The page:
Studies show that women who have a bone density test are more likely to understand the issues related to HRT and osteoporosis. Planting the Seeds of HRT Understanding will offer free bone density tests provided by Hologic, a leading developer, manufacturer, and marketer of proprietary X-ray and ultrasound bone assessment systems. Hologic’s Sahara Clinical Bone Sonometer is the first ultrasound bone densitometer approved to assist in the diagnosis of osteoporosis. Sahara is an innovative ultrasound device that estimates bone density of the heel, providing convenient and comfortable screening.
Between March 24 and April 6, 1998, Yankelovich Partners interviewed a nationally representative sample of more than 1,000 women age 40 or older. The survey was conducted on behalf of the University of Cincinnati and funded by an unrestricted educational grant from Solvay Pharmaceuticals. Interviews were conducted using a Random Digital Dial (RDD) technique to ensure that respondents with both listed and unlisted phone numbers were reached. The margin of error based on the total number of respondents is +/- 3.1%.
The University of Cincinnati Medical Center is a nationally recognized academic health sciences center based in Cincinnati, Ohio and home to one of the first colleges of medicine in the country. The Medical Center is ranked within the top 25% of research-based academic medical centers in the United States. Its mission is to enhance and improve the quality of health for people everywhere by discovering, teaching, and applying knowledge related to the health sciences.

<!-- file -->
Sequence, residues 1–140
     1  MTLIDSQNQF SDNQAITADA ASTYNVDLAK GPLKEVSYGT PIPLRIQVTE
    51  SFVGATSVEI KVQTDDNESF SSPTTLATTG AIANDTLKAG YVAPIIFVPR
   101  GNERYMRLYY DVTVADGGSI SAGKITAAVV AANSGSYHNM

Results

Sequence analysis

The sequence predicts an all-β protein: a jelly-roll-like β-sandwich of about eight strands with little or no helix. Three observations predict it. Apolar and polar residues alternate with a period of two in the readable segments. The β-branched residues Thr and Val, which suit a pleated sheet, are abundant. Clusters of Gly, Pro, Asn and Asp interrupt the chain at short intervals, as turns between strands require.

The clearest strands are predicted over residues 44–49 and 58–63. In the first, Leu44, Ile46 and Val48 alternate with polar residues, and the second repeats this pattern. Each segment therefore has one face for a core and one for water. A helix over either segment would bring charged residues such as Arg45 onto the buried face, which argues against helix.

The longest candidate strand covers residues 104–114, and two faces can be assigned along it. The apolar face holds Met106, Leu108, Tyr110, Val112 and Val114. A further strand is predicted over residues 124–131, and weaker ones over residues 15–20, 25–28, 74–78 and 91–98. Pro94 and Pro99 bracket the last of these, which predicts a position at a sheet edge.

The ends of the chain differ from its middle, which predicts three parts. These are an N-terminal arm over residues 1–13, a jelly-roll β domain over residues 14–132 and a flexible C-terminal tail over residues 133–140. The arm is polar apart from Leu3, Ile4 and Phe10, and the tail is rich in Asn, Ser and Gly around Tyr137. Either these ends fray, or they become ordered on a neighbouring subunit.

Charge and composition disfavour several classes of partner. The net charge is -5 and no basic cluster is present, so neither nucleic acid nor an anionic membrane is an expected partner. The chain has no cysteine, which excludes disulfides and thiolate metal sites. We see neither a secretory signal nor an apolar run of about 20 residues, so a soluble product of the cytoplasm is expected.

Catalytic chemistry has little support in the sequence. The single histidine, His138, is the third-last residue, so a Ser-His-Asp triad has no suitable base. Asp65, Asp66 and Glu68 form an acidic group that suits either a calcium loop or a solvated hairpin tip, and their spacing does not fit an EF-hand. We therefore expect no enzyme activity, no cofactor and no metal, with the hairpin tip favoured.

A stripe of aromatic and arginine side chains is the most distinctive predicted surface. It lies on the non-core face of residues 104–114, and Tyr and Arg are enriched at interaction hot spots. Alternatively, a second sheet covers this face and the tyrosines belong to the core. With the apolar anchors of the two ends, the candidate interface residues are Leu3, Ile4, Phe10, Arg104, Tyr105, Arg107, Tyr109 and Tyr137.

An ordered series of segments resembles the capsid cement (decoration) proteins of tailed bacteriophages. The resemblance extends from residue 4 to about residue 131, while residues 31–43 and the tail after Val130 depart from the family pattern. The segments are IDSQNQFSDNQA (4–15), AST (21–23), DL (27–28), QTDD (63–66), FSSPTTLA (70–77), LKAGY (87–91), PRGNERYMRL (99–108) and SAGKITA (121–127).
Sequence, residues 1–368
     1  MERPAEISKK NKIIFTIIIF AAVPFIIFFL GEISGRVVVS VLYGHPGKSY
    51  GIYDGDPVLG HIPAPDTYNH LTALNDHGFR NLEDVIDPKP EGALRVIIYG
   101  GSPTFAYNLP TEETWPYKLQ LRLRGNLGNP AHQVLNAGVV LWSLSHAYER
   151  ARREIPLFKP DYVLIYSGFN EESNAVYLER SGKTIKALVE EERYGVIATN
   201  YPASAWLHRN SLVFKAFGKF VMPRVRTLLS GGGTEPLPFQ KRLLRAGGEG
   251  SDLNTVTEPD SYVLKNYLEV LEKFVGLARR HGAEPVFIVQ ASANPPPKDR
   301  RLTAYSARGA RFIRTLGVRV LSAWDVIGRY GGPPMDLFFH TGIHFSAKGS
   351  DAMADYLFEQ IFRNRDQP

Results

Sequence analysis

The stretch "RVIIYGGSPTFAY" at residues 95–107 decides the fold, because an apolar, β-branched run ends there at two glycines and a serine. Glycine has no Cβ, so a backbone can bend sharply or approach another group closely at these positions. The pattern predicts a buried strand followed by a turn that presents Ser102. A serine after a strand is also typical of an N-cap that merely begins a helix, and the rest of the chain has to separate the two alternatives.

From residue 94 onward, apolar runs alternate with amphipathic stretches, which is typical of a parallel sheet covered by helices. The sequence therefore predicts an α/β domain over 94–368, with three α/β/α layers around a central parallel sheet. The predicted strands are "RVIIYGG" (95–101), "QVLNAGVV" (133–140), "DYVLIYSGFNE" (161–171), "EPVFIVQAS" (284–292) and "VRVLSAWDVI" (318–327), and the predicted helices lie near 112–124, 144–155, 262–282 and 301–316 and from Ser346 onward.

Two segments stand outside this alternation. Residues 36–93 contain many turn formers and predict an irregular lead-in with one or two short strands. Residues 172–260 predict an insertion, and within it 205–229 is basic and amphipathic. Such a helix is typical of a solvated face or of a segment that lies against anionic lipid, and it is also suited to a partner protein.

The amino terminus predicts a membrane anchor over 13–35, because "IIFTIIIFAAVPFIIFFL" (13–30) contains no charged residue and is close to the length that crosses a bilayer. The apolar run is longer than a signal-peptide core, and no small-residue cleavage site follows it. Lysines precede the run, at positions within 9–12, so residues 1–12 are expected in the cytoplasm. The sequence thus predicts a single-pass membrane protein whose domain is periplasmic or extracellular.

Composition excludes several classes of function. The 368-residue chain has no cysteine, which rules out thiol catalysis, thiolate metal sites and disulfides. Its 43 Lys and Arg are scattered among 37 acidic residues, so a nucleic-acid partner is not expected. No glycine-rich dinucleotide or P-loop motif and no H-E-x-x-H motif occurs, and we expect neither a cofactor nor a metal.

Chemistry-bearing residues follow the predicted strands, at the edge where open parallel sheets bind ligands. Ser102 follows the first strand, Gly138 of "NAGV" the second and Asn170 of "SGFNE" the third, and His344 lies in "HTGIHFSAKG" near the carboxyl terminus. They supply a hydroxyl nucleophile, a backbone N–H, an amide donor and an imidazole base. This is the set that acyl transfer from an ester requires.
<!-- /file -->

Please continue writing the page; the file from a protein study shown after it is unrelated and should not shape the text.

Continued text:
Founded in 1986, Hologic, Inc. is a leading developer, manufacturer and marketer of proprietary x-ray and ultrasound systems. With more than 5,000 installations worldwide, Hologic's Quantitative Digital Radiography (QDR®) x-ray densitometers and SAHARA ultrasound bone densitometers are used for the precise measurement of bone density to assist in the diagnosis and monitoring of metabolic bone diseases. Hologic maintains an active research and development program dedicated to bringing a continuing series of new products to market and to maintaining Hologic's position of leadership in its field. Hologic shares are traded on the NASDAQ exchange under the symbol HOLX.
1 US Census, Current Population Reports: Population Projections of the US by Age, Sex, Race and Hispanic Origin: 1995 to 2050; and Managing Your Menopausal Patient: Solutions for Women at Risk. SCIENS Worldwide Medical Education, New York, 1997.
2 Col, Nananda F et al., Patient-Specific Decisions About Hormone Replacement Therapy in Postmenopausal Women. Journal of the American Medical Association, April 9, 1997, vol. 277, no. 14, p. 1145.